There were actually two, which is no doubt why one of them was calling. The flashes contained not only ice, but also a ramshackle canvas shooting hide, several decoy ducks, and one or two ex-Mallards. Obviously yesterday had been the day to avoid.

About 30 Skylarks swarmed across the field ridge, and I chose to walk through the little wood. This added nothing to the day, but back at the dragonfly pools corvid calls led me to the pale Buzzard which had alighted on a hedge.

Common Buzzard
It suddenly looked round and appeared anxious...and then there were two.

Shortly afterwards the sun came out and I was tempted to stroll to the little pond to see if I could add anything more. About 30 Yellowhammers and a few Chaffinches were feeding on the track, and as I left the area half a dozen Lesser Redpolls appeared.

Lesser Redpoll
I felt it was about time I had a good day here. Looking back, the year has been a game of two halves. The first four months producing rarities like a flock of Bewick's Swans, a Green-winged Teal and a pair of Avocets before the middle of April. Then the going got tougher, a Grasshopper Warbler sang but remained largely unseen for several weeks, a couple of sightings of juvenile Ruffs in August, and after a Yellow-crowned Weaver gave us the runaround in September, a Marsh Harrier flew through while I sat at home researching the weaver. It was to be one of those autumns, a real slog with few highlights.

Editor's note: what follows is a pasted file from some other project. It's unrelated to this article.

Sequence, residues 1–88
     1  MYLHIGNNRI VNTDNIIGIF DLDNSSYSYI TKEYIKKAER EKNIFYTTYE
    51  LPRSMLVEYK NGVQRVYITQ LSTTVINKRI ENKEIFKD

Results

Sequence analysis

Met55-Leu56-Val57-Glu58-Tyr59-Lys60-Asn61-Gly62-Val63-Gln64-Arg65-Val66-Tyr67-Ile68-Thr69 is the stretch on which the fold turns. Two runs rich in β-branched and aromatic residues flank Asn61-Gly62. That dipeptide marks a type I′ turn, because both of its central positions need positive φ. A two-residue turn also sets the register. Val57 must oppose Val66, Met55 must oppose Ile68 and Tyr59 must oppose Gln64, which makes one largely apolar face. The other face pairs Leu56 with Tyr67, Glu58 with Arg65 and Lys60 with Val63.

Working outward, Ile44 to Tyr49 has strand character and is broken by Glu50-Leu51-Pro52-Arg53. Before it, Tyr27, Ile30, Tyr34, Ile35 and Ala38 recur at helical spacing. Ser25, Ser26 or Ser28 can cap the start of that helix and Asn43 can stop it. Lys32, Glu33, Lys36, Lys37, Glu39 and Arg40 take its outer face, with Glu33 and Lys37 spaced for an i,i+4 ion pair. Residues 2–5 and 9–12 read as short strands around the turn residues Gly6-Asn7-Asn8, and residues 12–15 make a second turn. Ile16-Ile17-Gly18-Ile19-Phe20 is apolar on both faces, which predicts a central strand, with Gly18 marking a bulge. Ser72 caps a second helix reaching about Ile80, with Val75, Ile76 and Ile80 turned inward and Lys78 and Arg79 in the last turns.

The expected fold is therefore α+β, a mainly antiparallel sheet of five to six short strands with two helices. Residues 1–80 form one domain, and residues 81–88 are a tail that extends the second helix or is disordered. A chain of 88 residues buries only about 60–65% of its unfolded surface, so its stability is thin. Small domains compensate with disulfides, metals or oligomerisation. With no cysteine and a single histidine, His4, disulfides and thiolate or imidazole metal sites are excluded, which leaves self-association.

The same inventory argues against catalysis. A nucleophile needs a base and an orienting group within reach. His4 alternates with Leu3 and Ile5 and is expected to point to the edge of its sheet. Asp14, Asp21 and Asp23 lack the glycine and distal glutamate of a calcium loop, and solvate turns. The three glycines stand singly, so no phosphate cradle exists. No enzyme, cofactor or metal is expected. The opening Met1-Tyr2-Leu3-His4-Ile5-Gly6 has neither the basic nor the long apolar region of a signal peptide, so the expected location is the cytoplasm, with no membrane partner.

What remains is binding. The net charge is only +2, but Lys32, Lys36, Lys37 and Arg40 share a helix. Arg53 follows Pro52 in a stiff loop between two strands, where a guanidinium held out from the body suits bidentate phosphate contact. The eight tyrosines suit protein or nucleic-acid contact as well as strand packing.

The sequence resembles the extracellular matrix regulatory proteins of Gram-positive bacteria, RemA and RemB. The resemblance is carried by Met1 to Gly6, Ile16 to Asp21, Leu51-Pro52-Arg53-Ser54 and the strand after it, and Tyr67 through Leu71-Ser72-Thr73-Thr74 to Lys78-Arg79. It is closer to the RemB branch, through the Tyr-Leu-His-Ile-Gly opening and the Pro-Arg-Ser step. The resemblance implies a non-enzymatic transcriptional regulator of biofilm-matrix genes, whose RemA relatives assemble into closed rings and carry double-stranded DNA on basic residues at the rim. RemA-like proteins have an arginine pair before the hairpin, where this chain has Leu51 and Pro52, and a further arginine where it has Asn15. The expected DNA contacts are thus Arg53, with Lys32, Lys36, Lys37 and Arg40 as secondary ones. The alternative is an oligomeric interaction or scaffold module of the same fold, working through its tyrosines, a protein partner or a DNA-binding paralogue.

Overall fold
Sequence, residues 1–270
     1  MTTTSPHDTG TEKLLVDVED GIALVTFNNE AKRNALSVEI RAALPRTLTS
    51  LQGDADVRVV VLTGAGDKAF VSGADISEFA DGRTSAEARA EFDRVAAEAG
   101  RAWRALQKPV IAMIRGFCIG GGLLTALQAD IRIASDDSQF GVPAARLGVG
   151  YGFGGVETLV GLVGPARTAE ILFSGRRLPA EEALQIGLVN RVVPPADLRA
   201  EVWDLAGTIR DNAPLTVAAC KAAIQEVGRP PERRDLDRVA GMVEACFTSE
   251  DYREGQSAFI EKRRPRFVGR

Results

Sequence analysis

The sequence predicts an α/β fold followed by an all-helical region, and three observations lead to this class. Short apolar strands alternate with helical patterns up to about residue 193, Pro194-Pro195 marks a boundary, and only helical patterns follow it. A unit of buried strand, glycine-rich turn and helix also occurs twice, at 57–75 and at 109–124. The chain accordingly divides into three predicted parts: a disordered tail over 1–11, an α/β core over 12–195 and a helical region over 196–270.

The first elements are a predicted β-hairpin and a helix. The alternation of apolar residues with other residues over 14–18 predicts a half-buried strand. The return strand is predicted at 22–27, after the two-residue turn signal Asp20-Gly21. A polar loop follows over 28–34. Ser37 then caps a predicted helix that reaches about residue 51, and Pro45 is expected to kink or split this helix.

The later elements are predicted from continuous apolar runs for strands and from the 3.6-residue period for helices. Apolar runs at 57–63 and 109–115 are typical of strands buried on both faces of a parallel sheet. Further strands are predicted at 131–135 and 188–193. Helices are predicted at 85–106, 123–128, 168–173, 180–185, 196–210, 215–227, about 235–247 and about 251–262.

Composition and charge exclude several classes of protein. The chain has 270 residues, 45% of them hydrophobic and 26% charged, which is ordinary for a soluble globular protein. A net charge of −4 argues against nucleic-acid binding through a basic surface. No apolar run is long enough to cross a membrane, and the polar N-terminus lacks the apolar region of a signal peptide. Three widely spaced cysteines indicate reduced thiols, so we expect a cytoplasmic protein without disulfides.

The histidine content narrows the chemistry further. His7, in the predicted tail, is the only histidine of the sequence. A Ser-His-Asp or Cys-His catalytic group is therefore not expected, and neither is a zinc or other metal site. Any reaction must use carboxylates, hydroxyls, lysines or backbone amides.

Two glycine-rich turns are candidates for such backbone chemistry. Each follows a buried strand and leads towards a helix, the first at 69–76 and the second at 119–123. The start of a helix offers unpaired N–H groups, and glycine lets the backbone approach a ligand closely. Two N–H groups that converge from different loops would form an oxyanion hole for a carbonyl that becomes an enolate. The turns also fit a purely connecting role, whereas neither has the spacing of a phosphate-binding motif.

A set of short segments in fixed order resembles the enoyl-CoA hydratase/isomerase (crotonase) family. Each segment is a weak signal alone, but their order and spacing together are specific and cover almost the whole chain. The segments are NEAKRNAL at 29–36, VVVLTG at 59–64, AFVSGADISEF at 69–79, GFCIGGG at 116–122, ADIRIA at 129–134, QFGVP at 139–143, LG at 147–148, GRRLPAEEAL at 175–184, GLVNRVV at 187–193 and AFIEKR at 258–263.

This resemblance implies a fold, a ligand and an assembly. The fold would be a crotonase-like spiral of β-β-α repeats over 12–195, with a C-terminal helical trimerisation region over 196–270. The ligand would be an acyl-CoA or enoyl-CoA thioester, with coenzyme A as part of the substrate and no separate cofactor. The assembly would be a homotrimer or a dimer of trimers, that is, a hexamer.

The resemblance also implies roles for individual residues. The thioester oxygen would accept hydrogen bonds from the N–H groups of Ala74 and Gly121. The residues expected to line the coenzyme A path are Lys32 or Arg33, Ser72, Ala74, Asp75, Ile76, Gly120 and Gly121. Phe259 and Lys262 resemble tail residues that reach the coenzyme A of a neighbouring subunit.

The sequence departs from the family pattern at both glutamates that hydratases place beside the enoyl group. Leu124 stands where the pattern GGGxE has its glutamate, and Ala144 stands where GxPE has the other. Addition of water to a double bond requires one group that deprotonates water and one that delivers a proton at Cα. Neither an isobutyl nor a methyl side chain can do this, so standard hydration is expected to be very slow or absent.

But 2015 will be another year. Let the fun begin.

Sunday, 28 December 2014

Sunday December 28

A beautiful frosty morning with hardly a breathe of wind. Dave was there comfortably before me, but hadn't seen much of note.

Indeed our walk around today confirmed only that the usual suspects were largely still present, though ominously we couldn't find the Stonechats. We reckoned there were at least 40 Yellowhammers present, a single Coot was new on the pool, and the shed contained some fresh Barn Owl pellets.